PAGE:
Even the best-oiled customer service machines are bound to malfunction on occasion. When a mistake occurs, how does your business handle the blunder?
Most Common Customer Mistakes
Six of the most common mistakes customers complain about are:
- Inattentive Staff – When your customer walks into your business, employees are engaging in personal conversations, texting on their cell phones or finishing their lunch.
- Failure to Follow-Through with a Problem – Your service rep told a customer he would get an answer to his request, but he forgot to get back with him.
- Untrained Staff – A new or poorly-trained employee is unable to complete the customer’s transaction or answer questions about the customer’s business.
- Faulty Product or Process – The product the customer received didn’t work, or an automated process (like a delivery) didn’t come through.
- Multiple Transfers – The customer has to talk to multiple departments within your company before he can get an answer to his request.
- Failure to Listen – A customer service rep doesn’t listen closely to the customer’s problem, and now the customer has a “solution” that doesn’t meet his need.
Nearly all businesses have encountered one or more of these customer service gaffes on occasion. The way in which you handle the situation will make all the difference for your customer. Studies have shown customers who has a complaint satisfied has the potential to patronize the business more than a customer who never had a complaint in the first place. There are a number of steps you can take to be sure that frustrated customer walks out of your business a happy customer once again.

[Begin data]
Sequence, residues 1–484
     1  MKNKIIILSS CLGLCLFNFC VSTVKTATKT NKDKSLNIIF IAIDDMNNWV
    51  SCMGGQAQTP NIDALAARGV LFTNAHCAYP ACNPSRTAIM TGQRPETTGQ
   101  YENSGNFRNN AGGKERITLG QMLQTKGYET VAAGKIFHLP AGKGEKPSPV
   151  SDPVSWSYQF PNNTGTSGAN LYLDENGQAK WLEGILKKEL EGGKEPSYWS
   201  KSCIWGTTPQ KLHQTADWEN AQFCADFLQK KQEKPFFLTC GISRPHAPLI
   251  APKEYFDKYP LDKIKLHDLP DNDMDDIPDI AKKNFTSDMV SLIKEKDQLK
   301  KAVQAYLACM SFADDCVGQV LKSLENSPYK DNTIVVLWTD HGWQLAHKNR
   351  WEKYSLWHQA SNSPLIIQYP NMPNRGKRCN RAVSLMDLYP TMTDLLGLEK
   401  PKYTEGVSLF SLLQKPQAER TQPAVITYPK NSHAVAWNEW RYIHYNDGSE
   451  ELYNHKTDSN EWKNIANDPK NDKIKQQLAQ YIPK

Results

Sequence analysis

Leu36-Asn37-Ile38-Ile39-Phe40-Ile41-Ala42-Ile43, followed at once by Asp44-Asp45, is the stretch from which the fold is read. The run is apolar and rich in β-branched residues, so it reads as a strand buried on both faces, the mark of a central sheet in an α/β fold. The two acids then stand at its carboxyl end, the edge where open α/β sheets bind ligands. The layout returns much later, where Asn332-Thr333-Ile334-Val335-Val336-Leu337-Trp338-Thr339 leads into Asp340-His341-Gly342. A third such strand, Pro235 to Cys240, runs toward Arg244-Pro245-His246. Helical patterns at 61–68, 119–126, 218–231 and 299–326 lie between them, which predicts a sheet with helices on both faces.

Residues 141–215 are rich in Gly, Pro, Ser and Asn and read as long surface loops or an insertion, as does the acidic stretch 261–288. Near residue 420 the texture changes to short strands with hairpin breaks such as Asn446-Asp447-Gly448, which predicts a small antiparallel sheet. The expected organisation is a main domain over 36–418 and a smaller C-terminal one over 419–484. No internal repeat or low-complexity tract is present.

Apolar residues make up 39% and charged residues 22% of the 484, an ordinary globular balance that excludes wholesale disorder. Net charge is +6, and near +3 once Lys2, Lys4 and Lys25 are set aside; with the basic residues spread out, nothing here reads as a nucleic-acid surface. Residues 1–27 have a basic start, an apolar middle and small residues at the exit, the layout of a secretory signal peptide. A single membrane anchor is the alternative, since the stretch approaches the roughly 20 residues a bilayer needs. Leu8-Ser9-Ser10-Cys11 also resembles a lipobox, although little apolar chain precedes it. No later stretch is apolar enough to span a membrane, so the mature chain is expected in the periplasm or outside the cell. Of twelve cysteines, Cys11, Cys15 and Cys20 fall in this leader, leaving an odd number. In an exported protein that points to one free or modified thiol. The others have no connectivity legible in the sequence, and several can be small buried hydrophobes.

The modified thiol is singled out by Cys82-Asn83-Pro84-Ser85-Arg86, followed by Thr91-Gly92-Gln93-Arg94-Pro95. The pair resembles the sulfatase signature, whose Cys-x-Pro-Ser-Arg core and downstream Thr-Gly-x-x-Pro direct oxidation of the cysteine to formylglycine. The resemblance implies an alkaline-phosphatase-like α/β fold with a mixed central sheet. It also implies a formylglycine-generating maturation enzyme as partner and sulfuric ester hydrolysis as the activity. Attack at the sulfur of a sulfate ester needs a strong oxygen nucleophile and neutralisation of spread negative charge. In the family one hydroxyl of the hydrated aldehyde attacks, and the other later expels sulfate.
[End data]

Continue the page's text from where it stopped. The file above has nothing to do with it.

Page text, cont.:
Remedies for Customer Service Mishaps
The first thing to do when a customer has a complaint is to listen to the problem. Active listening will do more than convey interest and concern to the customer; it will also help your customer service rep accurately identify the root of the problem so she can recommend an effective solution. Once the problem has been verbalized, it is a good idea to paraphrase the problem back to the customer to ensure it was heard correctly.
In some cases, it might be helpful to ask the customer what she would like to see in terms of a solution to get an accurate idea of what the expectations are. Restaurants can take back a meal, airlines can change a ticket and computer stores can offer a replacement product.
Once you know how to meet your customer’s expectations, see if there is anything you can do to exceed them. A free dessert, upgrade to first class or complementary software is often more than enough to let the customer know you are sorry for the mistake and are ready to go the extra mile to make him happy once again.
Customer service mistakes happen – it’s what you to about those mistakes that makes the difference for a customer. With a little service finesse, you can transform that mistake into an opportunity to transform an irritated customer into a loyal and happy advocate for your business.